Letters

Letter Of The Week
Nightclubs must fall

Going, goooo-ing, _______, you fill in the rest. I'm referring to Douglas Wolk's article "Priced Out" [villagevoice.com, February 11]. New York is a city in crisis, under siege by developers, the modern-day satans. Bloomberg and Giuliani would argue the city is better, but for many of us, New York has been overrun by shortsighted politicians and developers who think only in dollar signs. The once unique place that I've called home since the 1980s looks and feels more and more like just about any place in the U.S. As clubs that are the fabric and the character of New York face closures due to astronomical rent increases and developers who want only to tear everything down, we as residents watch an important part of New York die a slow, painful death. But with the ring of the cash register, who out there besides me seems to care?

David Diaz
Hell's Kitchen


Dancehall disgrace

I read with increasing dismay Elena Oumano's apologia of dancehall reggae's groups ["Jah Division," February 16-22]that attempt to differentiate themselves by proclaiming the righteousness of gay-bashing. Not only has she blamed this on colonialists and, indeed, Western civilization as a whole, she proceeds to offer yet another pseudo-liberal patronizing commentary: "Young men unable to make a living and raise families suffer from a fragile sense of masculinity. With no outlet for all that cyclonic energy, what's left but church, territorial warfare, and/or controlling women with your big bamboo? Homosexual sex doesn't fit this picture; it becomes yet another way to rob the black man of his manhood."

Oh, please. "Fragile sense of masculinity"? Homosexuality as "yet another way to rob the black man of his manhood"? This last statement clearly establishes this writer's own deeply ingrained homophobia. Note to Oumano: Gay sex is a celebration of manhood to gay men and a nonevent to straight men. After all, it does seem to be sex for men, with men, and in the company of men. Feeling left out? There's always "that big bamboo." Maybe you can write an essay defending lyrics promoting violence against women. After all, it's one of the few ways in which Jamaican men can escape their "fragile sense of masculinity."

David Johnson
Eastsound, Washington


Churchill's finest hour?

Thanks for Curtis White's critique of left academia in his "Chickening Out" [The Essay, February 23-March 1] concerning Ward Churchill and the dilemma of the Holy Whore.

But I do take exception to his statement that "we [left academics] have little choice but to continue to do these things," in reference to collecting our salaries and then paying taxes that we know are going to pay for the very things we decry. Real choices for radical action by leftists in academia do exist. They include donating a significant percentage of those salaries to radical social-change organizations like RESIST, teaching students about counter-recruitment, racism, and sexism on campus and off, encouraging them to think despite significant cultural forces that continue to bludgeon them with the received opinion of corporate culture, and, last but not least, making a personal decision to engage in whichever of the many forms of tax resistance available to us. The slogan "Not with our bodies! Not with our money! Not with our minds!" has real meaning in the real world—and yes, even in left academia!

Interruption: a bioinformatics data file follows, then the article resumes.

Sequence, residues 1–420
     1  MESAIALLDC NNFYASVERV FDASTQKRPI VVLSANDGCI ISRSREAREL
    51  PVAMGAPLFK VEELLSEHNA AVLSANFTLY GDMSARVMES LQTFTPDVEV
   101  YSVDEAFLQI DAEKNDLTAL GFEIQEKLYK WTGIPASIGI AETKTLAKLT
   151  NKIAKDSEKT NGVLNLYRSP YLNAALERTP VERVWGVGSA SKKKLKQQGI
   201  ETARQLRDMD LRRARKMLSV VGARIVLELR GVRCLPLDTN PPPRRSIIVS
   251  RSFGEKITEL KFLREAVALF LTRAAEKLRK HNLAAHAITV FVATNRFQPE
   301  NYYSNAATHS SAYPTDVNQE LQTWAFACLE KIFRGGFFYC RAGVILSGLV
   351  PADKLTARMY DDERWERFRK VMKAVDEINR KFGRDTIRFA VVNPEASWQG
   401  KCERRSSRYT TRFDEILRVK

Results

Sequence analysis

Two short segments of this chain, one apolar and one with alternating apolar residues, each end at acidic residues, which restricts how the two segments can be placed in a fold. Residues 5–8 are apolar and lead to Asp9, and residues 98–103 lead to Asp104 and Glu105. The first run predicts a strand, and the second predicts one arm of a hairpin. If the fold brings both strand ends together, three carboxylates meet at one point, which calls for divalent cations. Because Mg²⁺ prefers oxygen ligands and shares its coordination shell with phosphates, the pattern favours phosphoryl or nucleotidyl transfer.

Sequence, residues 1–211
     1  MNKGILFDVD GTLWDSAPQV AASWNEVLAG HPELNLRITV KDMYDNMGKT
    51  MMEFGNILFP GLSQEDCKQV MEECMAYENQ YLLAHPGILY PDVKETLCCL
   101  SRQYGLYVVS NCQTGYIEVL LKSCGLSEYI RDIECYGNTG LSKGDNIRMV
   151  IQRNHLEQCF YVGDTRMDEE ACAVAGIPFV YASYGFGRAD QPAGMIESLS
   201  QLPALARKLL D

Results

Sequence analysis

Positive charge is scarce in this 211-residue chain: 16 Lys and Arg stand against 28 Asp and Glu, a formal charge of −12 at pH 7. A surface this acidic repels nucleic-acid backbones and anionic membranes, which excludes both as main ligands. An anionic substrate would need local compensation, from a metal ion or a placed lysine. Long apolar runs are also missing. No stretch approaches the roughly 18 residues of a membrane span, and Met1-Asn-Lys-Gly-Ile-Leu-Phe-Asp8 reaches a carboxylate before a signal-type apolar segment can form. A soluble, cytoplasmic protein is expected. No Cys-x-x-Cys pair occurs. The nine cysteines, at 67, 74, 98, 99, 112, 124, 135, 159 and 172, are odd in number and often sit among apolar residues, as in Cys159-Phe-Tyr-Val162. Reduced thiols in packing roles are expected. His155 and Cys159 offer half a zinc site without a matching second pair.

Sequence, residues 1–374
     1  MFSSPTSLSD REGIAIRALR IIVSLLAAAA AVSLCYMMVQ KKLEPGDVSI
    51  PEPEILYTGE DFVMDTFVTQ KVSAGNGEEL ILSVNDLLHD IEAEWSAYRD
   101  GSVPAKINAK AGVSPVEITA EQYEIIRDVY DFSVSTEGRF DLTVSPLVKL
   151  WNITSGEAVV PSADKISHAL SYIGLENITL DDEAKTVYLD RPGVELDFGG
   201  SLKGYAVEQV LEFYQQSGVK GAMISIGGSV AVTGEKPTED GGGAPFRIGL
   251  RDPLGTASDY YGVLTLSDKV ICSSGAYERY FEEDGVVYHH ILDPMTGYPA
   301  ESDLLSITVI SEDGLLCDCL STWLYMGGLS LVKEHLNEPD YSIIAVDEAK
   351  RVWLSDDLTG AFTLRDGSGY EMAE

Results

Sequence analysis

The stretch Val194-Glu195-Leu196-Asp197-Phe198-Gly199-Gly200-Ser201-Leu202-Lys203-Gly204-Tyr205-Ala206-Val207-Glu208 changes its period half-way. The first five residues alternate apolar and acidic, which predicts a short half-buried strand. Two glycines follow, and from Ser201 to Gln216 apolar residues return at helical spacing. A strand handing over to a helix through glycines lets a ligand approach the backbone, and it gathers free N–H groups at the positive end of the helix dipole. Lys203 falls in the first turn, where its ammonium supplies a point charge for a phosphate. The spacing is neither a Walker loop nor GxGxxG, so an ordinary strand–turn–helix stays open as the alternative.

Carol Wald
Prospect Heights, Brooklyn


Curtis White overshoots his mark while adding his two cents to the recent Ward Churchill fracas. I congratulate him, and The Village Voice, for providing the only news story I have seen about Churchill's appearance at Hamilton College that correctly identifies him as an American Indian. It's important to take his comment in context with his activist, Native American perspective (oddly similar to Malcolm X's famous JFK faux pas).

Then again, White dismisses Churchill's roots far too casually, citing only his being on the outs with the American Indian Movement (AIM). Churchill's books are manufactured and distributed by a publishing house that has nothing to do with the University of Colorado, and to associate his entire output with his academic position does all authors who happen to hold academic positions a disservice.

White also claims liberal activism is a commodity, but in these post-Reagan days, it's not nearly the commodity of a frothing supply-side economist. If White really teaches in Illinois, he should be familiar with his colleagues over at the University of Chicago, whose paychecks have been in essence signed by the Rockefeller family for decades and whose neo-conservative ideas are by and large responsible for the anti-liberal climate in our country—not to mention putting undue power into the hands of despicable charlatans like Bill O'Reilly.

Gregg Wager
Adjunct professor, music, Purchase College Gramercy Park


The souls of gay folk

Just returning from San Francisco, with all its fury, finger-pointing, and firestorm over crystal and the new HIV strain, Mr. Musto's article ["Zip It Up!" February 23-March 1] eloquently reflects a deeper understanding.

Social fundamentalism is creating harm in the souls of gay people. Finding places to place hope becomes more and more difficult. I would like to suggest that we might be further along than this by now.

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